Not on display
All of Turner’s 1819 Parisian sketches depict views of the city seen from the banks of the River Seine and this study is taken from the quayside known as Port de la Concorde on the right bank. Part of the composition spills over onto the opposite sheet of the double-page spread, see folio 2 verso (D13995). The vista looks up-river (east) towards the Pont de la Concorde with the Pont Royal just visible behind and the building on the right with the impressive classical portico is the Palais-Bourbon, now the seat of the French National Assembly.1 The palace dates from the early eighteenth century although the river façade had only recently been completed in 1809. Turner’s choice of prospect is similar, although not identical to one drawn by James Hakewill (1778–1843), his collaborator on the recent print project, Hakewill’s Picturesque Tour of Italy (published 1820).2
Further studies of the Pont de la Concorde and the Palais Bourbon can be found within sketchbooks used on later visits to Paris, see for example the Loire, Tours, Orleans and Paris sketchbook of 1826 (Tate D23307; Turner Bequest CCXLIX 31a), and the Paris and Environs sketchbook of 1832 (Tate D24172; Turner Bequest CCLVII 3). For a further discussion of Turner’s 1819 sketches of the city see folio 2 (D13993).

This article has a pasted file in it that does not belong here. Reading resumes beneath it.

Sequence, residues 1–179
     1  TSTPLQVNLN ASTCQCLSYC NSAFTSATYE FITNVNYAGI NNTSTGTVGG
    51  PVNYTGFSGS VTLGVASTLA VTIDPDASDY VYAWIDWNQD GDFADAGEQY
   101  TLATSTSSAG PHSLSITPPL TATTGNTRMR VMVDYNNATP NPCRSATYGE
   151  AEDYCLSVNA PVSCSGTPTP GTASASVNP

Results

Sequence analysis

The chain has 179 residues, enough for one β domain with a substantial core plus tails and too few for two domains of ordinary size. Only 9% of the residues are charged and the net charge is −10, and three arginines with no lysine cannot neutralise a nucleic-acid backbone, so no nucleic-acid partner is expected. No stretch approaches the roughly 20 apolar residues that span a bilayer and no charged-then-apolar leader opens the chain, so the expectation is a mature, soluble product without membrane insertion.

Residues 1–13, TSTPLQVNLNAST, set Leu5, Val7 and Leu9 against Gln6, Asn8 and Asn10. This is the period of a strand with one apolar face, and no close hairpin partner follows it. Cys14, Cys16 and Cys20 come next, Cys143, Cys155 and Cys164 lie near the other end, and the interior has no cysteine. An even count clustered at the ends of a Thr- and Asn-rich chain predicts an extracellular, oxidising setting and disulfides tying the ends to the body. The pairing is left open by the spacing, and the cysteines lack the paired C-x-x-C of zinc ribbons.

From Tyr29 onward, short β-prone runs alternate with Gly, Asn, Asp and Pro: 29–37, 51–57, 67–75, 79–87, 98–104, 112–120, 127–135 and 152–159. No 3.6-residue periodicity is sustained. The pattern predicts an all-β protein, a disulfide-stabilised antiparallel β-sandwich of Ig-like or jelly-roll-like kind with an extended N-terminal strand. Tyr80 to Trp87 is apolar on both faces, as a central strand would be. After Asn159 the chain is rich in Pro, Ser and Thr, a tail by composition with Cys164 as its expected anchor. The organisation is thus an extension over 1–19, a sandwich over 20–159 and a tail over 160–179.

Tentatively suggested by Finberg and first conclusively identified in Guillaud, Alfrey, Wilton and others 1981, p.107. See also Warrell 1999, p.18.
See Hakewill’s 1817 drawing Paris. Pont royale and the Palais Bourbon (British School at Rome), reproduced in Tony Cubberley and Luke Herrmann, Twilight of the Grand Tour: A Catalogue of the Drawings by James Hakewill in the British School at Rome Library, Rome 1992, no.1.6, p.68. The title indicates that the bridge depicted is the Pont Royale, although this is surely an error and should say the Pont de la Concorde.